From implementing technology solutions to understanding tax implications of cross-border movements
Shippers need a seamless process when moving goods between the United States and Mexico, and the handoff is critical. Historically, a black hole existed at the border, which is especially challenging given the many parties involved in a crossing.
Even on a typical day, a full North American solution requires transparency and integration to ensure all documentation and movements are completed properly and goods stay in motion. Weather, political events, cyberattacks, violence and supply chain challenges all have the potential to create unexpected border disruptions.
Cross-border shipments are complex with multiple partners involved, including the shipper, the carrier picking it up, the carrier delivering it to the border, the carrier taking it across the border, the handler at the border, U.S. Customs and Mexico Customs. “Each party needs to know what the party before them did,” said Bob Black, managing director, Mexico, for Penske Logistics.
A key component of being tactically agile is understanding future needs, Black said. That could mean having the ability to move from a planned crossing point to another, which requires pre-established customs broker relationships. “You have to have a customs broker at the port, and you have to go through steps to get that assigned. We can do that ahead of time to create flexibility,” Black said. “A crisis happens with short notice.”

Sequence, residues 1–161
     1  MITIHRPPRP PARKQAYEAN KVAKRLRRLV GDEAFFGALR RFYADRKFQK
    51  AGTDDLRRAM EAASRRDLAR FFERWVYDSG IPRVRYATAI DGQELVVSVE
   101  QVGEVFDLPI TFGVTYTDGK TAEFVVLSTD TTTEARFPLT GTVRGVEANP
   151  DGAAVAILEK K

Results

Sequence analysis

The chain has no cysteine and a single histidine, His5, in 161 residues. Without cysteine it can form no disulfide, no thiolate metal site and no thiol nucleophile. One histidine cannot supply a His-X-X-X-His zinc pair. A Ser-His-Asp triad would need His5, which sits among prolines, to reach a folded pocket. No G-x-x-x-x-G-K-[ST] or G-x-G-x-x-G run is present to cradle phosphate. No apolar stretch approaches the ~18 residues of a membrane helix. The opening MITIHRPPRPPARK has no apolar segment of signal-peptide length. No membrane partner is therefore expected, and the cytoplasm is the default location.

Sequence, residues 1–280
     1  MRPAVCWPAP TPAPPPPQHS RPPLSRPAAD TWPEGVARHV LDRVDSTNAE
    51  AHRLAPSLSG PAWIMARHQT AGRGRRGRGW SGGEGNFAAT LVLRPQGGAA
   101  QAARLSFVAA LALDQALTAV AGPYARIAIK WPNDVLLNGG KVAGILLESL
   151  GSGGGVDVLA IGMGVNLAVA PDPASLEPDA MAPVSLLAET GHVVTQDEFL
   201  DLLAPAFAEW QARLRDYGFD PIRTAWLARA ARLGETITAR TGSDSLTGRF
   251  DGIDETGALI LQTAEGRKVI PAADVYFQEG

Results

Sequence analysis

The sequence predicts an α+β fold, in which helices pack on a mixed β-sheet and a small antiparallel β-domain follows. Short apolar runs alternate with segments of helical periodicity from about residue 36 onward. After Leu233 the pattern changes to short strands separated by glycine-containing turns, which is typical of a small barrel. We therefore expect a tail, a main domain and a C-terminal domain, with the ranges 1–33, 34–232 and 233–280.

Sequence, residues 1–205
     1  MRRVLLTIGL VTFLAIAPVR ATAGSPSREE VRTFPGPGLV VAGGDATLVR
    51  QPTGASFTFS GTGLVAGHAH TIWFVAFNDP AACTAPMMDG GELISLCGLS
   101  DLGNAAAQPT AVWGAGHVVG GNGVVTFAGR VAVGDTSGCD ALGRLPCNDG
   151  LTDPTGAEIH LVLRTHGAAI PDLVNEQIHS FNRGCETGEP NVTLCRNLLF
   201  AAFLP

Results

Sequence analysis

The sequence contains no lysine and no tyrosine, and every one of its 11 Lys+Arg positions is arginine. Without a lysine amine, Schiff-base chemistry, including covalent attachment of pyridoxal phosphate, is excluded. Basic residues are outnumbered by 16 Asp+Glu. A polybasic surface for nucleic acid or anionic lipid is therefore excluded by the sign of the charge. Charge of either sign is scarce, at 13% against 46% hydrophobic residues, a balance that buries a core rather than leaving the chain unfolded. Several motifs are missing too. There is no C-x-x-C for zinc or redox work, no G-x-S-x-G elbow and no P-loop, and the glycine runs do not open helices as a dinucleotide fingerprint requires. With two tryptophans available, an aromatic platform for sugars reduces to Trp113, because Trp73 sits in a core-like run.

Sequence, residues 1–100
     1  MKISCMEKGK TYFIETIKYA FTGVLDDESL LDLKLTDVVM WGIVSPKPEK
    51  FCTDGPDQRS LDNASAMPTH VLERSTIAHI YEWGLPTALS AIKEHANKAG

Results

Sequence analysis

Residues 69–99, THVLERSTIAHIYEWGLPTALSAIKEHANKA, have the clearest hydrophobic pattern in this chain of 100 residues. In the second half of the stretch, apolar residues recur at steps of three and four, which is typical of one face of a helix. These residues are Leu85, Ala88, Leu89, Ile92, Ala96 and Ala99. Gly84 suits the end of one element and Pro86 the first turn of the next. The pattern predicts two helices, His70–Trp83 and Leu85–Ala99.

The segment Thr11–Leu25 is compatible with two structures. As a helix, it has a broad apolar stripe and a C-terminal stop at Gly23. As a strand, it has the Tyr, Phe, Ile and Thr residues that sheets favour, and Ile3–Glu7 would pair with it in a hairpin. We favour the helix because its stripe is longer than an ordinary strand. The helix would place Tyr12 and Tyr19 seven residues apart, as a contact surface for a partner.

It is also helpful to have a drayage carrier familiar with a particular area. "We have relationships with numerous drayage carriers. They'll be able to service us on short notice," Black said. “Finding carriers with capacity is critical.”
The key to creating a reliable contingency plan is to understand who needs to be involved in attacking the issue so that they can get involved quickly, Black said. “When the unknown occurs, we have the experience, drive and dedication to find those solutions, and the linkage of our team is imperative.”
When the big freeze in Texas hit in 2021, it extended into the border region. Power outages were common, but Penske has invested in on-site power generation and was able to keep its Los Indios location operating. "The challenge was fuel. None of the local vendors had it, but we could get it through the Penske Truck Leasing side of the business," Black said. "They could refuel us so we could execute operations."
The pandemic and related supply chain disruptions have also emphasized the need to remain agile. “Penske played a valuable role in making accommodating changes,” Black said, adding that many shippers are uncertain about the future. “One comment we’ve heard is, ‘I’ve spent 25 years to lean out my supply chain. Now I’m being told to find space.’”
The Need to Nearshore
Black anticipates seeing growth in Mexico, especially as shippers shift from lean and just-in-time inventories. Many shippers are also investigating the benefit of nearshoring as they evaluate their supply chains.
Penske supports customers at various locations along the border, including El Paso, Los Indios and Laredo, which is the largest inland port in North America. “If you visit it, some people describe it as one large truck stop because there are so many trucks going back and forth,” Black said. “One of our differentiators is longevity in the major crossing port of Laredo.”
For both new and existing customers, Penske works with shippers to determine their needs, which can range from implementing technology solutions and handling bonded freight to managing drayage and understanding tax implications of cross-border movements. Penske is also launching a new workflow technology to draw all parties together and increase visibility.
To learn more about Penske cross-border offerings, contact us today.